Part 2: Sign language (John Ch2-12)

My four-year old son is learning to read and write. It's a slow process, as squiggles give way to letters and the signs on the page gradually give up their meaning. Humankind communicates by using signs. But until you learn their language the meaning remains hidden.

The second section of John, from chapters 2 to 12, is defined by its seven 'signs'. Jesus turns water into wine (2:1-11), heals a royal official's son (4:46-54), heals a man by the pool (5:1-15), feeds 5000 people (6:1-15), walks on water (6:16-24), heals a blind man (9:1-41), and raises Lazarus from the dead (11:1-44).

The astute reader might notice that some of these are included in Mark, Matthew and Luke, and some are not. But the story around these miracles turns them into something quite different.

In chapter 3, Jesus meets Nicodemus in the middle of the night and tells him that a person must be 'born again' to enter the kingdom of God. You can understand why Nicodemus thought Jesus was a nutcase. We've got pretty used to the phrase 'born again' as its come to mean a certain form of evangelical conversion experience. But was that what Jesus meant? Could it be something stranger still?

There's a similar moment of madness later in John's account of Jesus in which Jesus claims that 'unless you eat the flesh of the Son of Man and drink his blood you will have no life in you.' (6:53) No wonder many people deserted him at this point in the story (6:60). This isn't just 'hard teaching'; it's disgusting!

John is unique among the gospels for not including the eucharist at the last supper. We'll come to the Upper Room scene next week - a major part of John's narrative - but there the bread and the wine are conspicuously absent. Yet here in chapter 6, after Jesus has fed the 5000 he claims he is, literally, the bread of life.

Was...Jesus...a...closet...cannibal???

It's ok - I'm pretty sure he wasn't! But we shouldn't spiritualise Jesus' sayings just to make them less weird. Born again people who feed on their master's flesh and blood - what is Jesus on about, and how does this help us interpret the Signs?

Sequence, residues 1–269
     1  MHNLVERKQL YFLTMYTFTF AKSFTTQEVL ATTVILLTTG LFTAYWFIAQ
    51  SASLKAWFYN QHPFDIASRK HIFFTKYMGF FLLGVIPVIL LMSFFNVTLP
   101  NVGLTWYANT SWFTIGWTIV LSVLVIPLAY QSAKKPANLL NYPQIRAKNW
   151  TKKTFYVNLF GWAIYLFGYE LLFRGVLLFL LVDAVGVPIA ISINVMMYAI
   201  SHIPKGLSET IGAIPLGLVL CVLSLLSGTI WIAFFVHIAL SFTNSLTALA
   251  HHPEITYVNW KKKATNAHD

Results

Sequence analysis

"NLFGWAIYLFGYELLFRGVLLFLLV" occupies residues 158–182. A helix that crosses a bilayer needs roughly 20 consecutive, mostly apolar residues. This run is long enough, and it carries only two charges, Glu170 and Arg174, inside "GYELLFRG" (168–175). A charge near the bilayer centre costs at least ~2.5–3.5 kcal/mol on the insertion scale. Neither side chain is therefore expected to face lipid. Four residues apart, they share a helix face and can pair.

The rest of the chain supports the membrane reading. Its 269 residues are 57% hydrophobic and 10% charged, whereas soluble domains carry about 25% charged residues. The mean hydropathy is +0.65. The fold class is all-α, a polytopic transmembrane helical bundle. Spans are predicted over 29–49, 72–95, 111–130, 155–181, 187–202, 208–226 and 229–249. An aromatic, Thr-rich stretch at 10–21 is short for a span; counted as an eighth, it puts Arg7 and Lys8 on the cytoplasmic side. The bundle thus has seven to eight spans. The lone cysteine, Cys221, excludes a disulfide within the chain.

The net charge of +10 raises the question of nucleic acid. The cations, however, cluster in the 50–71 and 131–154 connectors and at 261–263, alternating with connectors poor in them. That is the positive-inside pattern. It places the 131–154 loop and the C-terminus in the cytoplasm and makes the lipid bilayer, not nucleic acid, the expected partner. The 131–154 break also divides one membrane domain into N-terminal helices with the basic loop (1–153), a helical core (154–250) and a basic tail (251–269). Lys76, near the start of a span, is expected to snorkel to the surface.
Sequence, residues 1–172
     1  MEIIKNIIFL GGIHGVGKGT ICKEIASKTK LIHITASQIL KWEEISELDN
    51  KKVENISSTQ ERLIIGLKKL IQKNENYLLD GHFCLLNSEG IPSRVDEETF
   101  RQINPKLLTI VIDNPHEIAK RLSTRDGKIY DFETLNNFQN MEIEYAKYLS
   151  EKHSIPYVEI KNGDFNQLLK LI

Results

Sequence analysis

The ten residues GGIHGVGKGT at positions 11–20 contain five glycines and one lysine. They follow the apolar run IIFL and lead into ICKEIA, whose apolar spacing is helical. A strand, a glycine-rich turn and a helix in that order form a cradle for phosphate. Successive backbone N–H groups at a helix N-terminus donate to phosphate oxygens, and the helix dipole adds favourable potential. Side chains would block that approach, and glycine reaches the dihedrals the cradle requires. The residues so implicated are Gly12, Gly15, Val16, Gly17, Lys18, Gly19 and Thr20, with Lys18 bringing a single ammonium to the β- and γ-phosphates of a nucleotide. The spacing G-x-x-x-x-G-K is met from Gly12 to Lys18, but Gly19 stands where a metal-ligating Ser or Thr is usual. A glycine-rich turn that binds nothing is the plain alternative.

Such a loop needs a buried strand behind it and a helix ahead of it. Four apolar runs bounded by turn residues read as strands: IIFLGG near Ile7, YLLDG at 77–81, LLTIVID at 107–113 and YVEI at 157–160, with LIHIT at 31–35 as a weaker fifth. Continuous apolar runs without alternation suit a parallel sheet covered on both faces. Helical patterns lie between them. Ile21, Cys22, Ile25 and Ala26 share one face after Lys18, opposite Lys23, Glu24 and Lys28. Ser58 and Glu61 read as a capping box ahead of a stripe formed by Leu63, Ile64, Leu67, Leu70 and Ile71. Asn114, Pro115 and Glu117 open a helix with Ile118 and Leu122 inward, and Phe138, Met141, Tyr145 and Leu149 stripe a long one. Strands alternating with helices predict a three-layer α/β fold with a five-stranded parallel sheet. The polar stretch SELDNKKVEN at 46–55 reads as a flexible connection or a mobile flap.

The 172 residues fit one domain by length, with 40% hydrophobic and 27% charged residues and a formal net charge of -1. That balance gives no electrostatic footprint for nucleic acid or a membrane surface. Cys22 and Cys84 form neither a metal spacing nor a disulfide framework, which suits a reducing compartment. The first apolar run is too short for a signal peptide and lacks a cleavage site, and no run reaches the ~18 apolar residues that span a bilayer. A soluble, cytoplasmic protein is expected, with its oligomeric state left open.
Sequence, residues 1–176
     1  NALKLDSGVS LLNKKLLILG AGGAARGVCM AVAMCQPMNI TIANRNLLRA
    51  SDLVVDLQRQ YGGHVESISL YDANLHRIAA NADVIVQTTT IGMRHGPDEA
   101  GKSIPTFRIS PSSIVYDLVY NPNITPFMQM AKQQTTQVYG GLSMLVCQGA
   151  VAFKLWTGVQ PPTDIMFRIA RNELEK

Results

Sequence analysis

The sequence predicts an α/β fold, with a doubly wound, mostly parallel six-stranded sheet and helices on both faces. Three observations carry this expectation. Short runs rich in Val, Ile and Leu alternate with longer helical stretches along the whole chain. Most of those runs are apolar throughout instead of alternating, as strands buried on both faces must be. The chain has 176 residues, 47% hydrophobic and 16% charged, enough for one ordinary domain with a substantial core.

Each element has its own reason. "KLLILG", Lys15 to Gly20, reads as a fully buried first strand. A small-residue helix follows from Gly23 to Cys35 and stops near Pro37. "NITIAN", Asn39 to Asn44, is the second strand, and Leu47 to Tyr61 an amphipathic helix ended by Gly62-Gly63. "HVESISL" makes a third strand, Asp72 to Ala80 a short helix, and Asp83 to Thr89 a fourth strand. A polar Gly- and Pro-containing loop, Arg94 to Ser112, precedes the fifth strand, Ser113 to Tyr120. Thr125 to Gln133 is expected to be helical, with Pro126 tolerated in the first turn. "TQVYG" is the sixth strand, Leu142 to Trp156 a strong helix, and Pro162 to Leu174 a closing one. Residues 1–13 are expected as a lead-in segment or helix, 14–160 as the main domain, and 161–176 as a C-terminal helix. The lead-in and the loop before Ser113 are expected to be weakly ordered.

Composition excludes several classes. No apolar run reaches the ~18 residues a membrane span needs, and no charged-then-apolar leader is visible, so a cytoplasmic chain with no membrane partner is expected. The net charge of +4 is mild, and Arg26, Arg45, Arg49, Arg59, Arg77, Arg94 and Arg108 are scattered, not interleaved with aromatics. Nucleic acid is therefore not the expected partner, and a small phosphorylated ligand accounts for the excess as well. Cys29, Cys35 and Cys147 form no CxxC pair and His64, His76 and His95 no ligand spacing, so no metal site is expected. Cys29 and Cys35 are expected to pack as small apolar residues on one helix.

I think the clue is hidden in the dank, dark interior of chapter 11 - inside Lazarus' tomb.

The resurrection of Lazarus is the final of the seven signs, the climax of this section of John. And it is here that a man is literally born again, emerging blinking into the daylight of new life. It doesn't take a genius to make the connection. The death and resurrection of Jesus, still to come in the storyline, will emphatically stamp these signs on our memory. Resurrection is a new kind of flesh-life. It is not - as the gnostics dreamed - a derobing, a shedding of the flailing, fallen flesh-world. It is a re-enfleshing. An upgraded experience of physical life.

Are you getting the connection...?

With Chapter 1?

Last week I introduced John's outrageous, heretical Jesus: God as a human. Where the creative logos of God does not avoid physical matter like Philo's gnostic deity. But where God is as real and as near and as grounded as a woman or man who could die.

This is the Jesus of John's gospel. And his signs are the signs of a new life, more emphatically physical than the life we usually experience. Better wine! Physical healing! More food! Resurrection! These are the visceral, carnal signs of real life. If you want to be born again you have to consume the physical life of Jesus.

There's no escape hatch to another 'spiritual' dimension. There's only the path of 'full life' (10:10), deeply embedded, rooted life.

And that means that in the face of Rome's brutalising machine, we must embrace death as the path to resurrection.

That's what it means to be born again.

Now that is hard teaching! And a life-giving gospel.